Scott Olson

Protesters in Ferguson, Mo. were referred to as "enemy forces" and "adversaries" by troops from the Missouri National Guard, according to new documents obtained by CNN.

The documents, which have not been released in full, reportedly show that heavily militarized language was used in referring to the popular protests that hit the town after the controversial shooting death of teenager Michael Brown by Ferguson police officer Darren Wilson.


National Guard troops were called in to assist law enforcement officials at the height of the protests last August, and again in November. The mobilization of the troops to quell protests drew controversy, as spectators said it conflated the "protect and serve" mandate of police work with the militarized training of troops, who are taught to deal with enemy combatants.

The documents also reportedly showed that the National Guard was "very concerned" about the perception of being deployed. At one point, commanders told troops to stop using the militarized language to describe the protesters:

Two days after the deployment, an email from Boyle warned of potential consequences from using language that could be "construed as potentially inflammatory." Two days after that, notification was sent to commanding officers stating that "all reference of 'enemy' were changed to state 'criminal elements'."


Still, CNN reports that some National Guard officials stand by the use of the language as a matter of standard procedure:

In an email to CNN, [National Guard Capt. John Quinn] said the documents used in the Ferguson mission briefings were "a generic military planning format utilized in a wide range of military missions, so the term 'enemy forces' would be better understood as 'potential threats.' Often in Guard operations, threats would include inclement weather, heat, failing levees, etc."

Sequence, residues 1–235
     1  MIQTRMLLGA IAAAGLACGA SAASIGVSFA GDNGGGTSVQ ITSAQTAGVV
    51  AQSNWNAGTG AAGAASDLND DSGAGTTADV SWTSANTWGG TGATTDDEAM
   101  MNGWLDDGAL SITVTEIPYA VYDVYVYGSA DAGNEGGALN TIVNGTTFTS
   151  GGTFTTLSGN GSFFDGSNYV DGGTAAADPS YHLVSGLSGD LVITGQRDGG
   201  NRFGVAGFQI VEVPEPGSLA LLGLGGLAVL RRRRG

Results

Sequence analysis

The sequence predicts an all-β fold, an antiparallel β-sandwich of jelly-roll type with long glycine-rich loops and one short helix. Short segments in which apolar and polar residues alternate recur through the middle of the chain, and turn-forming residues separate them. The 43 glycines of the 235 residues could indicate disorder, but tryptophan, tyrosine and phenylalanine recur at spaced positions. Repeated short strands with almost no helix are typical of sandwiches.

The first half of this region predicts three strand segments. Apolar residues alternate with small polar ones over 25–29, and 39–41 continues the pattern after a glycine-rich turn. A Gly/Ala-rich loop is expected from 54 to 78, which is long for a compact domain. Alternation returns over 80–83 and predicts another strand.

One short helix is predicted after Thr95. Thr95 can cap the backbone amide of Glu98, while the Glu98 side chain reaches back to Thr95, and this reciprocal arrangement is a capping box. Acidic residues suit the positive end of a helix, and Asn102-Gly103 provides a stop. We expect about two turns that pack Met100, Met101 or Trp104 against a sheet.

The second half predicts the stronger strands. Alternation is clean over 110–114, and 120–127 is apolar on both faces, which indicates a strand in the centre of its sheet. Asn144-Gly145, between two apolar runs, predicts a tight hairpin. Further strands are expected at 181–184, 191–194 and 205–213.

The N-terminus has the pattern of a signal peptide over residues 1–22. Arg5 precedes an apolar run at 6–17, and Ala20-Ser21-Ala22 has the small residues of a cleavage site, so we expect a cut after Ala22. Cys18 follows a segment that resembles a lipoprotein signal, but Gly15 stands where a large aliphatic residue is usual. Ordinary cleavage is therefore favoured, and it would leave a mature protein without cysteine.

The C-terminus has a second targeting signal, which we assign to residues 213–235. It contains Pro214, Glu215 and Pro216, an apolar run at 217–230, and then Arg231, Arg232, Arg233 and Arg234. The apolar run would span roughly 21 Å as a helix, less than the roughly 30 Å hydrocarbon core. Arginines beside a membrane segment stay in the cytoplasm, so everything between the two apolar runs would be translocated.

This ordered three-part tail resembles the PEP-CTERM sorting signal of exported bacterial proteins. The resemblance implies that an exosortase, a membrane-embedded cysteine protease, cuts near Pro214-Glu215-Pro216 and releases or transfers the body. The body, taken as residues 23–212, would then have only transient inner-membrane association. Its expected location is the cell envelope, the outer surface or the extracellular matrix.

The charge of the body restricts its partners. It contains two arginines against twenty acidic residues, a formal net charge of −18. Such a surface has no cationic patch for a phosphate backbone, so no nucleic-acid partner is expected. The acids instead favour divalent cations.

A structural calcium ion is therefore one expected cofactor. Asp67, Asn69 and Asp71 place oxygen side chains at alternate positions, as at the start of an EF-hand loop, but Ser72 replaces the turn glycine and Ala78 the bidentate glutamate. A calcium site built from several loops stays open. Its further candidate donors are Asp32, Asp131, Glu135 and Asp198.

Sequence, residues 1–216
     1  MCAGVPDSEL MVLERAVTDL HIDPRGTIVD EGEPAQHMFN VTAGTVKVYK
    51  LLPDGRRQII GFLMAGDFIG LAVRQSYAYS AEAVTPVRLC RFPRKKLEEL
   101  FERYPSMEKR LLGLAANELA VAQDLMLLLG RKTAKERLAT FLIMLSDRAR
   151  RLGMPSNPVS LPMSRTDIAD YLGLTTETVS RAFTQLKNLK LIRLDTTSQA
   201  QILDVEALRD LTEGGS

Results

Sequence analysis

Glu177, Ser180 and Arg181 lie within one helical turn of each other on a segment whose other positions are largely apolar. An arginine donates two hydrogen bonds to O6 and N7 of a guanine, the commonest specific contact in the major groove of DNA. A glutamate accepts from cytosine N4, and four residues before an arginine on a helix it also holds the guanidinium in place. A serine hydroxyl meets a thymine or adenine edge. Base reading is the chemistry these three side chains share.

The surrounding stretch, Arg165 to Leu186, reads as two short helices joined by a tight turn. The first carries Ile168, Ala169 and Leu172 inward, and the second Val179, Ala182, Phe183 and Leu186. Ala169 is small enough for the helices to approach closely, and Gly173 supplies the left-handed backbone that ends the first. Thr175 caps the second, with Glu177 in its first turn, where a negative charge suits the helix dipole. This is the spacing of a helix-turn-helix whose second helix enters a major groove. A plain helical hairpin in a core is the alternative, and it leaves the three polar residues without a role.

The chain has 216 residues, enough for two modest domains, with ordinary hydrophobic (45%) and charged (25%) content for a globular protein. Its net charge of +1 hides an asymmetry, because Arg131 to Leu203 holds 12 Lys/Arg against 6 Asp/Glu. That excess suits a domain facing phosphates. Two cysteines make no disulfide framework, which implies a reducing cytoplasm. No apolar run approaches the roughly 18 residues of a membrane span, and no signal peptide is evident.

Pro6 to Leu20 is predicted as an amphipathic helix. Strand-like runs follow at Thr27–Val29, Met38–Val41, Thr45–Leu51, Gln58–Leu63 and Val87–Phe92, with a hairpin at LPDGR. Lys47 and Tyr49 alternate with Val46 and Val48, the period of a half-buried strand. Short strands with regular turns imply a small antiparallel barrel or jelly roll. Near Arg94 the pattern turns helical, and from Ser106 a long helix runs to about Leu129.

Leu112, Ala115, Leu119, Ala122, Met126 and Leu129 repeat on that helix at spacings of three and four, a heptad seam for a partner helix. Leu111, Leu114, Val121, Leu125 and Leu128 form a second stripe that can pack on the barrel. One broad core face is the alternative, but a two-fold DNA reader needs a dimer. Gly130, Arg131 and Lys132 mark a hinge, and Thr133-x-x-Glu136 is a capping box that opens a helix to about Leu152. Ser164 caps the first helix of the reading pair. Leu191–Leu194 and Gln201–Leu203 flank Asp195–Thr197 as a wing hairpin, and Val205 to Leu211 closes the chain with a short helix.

Several other documents reportedly showed National Guard troops how to respond to possible attacks by "Molotov cocktails, rocks and other debris" that they might encounter.


One document titled "Operation Show-Me Protection II," which outlined the troops' mission in Ferguson, made a list of groups on the ground who were deemed "Friendly Forces" and "Enemy Forces."

Among the organizations that were listed as "hate groups" in the document: the Ku Klux Klan, the RgB Black Rebels, the New Black Panther Party.

And lastly, "General Protesters."

Daniel Rivero is a producer/reporter for Fusion who focuses on police and justice issues. He also skateboards, does a bunch of arts related things on his off time, and likes Cuban coffee.